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Importing Western Childhoods into a Chinese State-Run Orphanage

Abstract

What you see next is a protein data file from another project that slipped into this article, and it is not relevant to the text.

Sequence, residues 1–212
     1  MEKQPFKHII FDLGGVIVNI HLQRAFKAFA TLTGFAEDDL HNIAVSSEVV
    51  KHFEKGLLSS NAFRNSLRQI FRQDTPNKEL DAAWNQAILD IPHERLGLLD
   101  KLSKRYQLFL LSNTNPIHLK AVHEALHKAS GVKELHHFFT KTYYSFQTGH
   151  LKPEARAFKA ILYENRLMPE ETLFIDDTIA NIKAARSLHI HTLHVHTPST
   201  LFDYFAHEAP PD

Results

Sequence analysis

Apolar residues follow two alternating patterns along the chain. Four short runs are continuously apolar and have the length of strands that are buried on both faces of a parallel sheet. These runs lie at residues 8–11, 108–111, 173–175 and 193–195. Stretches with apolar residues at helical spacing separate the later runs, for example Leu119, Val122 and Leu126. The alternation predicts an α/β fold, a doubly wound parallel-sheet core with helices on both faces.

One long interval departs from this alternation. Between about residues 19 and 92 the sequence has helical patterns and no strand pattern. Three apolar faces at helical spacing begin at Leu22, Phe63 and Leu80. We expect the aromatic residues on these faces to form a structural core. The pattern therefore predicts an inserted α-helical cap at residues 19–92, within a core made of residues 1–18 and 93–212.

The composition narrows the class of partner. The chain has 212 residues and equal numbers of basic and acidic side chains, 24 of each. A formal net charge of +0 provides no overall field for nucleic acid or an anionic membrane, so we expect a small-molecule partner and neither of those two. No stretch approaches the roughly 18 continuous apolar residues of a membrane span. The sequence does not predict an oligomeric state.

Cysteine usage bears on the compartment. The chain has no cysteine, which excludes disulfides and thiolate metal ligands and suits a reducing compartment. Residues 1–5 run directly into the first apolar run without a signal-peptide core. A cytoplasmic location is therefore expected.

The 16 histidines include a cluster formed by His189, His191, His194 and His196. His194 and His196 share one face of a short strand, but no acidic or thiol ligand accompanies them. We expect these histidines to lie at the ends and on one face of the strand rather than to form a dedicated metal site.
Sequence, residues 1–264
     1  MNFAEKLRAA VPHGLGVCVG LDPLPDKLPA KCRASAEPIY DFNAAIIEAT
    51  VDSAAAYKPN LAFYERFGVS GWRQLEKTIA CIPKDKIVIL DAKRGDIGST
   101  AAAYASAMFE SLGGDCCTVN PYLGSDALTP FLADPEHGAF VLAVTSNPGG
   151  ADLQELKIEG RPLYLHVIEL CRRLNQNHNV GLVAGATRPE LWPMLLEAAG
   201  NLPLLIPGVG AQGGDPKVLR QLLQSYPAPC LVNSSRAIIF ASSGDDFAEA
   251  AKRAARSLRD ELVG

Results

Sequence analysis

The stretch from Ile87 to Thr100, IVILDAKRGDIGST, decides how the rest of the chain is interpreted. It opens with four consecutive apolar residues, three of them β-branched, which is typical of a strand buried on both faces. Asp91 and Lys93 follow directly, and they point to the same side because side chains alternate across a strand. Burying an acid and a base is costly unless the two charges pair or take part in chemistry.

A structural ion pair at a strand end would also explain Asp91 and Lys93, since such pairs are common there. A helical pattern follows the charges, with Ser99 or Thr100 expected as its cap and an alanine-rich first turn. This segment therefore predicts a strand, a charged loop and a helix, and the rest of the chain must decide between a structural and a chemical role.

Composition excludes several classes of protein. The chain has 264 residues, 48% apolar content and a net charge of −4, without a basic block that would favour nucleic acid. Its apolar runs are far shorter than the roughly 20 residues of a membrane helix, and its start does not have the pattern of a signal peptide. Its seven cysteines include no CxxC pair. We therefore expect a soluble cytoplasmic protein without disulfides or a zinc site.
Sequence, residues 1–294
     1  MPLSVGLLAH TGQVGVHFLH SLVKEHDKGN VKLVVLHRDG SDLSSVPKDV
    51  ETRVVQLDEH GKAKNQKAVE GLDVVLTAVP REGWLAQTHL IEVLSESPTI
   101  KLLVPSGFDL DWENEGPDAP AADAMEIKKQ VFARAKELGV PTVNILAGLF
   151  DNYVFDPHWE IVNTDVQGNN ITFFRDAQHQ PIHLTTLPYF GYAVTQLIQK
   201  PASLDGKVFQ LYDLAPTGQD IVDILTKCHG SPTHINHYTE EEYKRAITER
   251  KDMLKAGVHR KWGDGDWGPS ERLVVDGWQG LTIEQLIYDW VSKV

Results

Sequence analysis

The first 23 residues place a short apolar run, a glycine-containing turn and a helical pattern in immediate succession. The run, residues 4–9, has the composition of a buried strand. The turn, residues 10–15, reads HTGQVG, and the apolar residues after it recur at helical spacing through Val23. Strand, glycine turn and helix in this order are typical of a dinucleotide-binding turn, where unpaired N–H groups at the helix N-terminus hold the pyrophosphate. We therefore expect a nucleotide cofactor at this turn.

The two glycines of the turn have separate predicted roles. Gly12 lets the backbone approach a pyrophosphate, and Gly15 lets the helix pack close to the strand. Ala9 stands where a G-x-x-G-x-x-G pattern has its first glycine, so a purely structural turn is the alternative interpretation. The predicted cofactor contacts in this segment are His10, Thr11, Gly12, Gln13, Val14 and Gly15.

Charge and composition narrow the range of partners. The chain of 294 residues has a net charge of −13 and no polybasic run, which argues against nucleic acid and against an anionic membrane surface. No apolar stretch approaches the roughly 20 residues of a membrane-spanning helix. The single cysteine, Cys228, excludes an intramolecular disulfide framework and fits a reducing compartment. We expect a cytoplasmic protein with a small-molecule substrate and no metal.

Since the early 1990s the Chinese government has allowed foreign humanitarian non-governmental organizations to aid children residing in official state-run orphanages. As one aspect of a larger research project on child abandonment and forms of orphanage care in contemporary China, this article examines an innovative state-civil society partnership of a Western infant special care unit housed within a large official state-run institution. The “Tomorrow’s Children” special care unit, funded and managed by middle-class Western volunteers, uses First World medical practices and universalistic ideologies of children and childhood to care for the institution’s most severely ill and disabled children. This article utilizes ethnographic methods to discuss conflicts over children’s best interests that arise between Western volunteer employers and the local working-class and poor Chinese caregivers who are expected to implement the imported practices. I contend that disagreements over appropriate childcare hinge on cultural and class-based understandings of childhood and differential access to social and financial resources. This research grounds discussions of globalization in a detailed case study by exposing the tensions and negotiations that occur at the local level in processes of transnational exchange.

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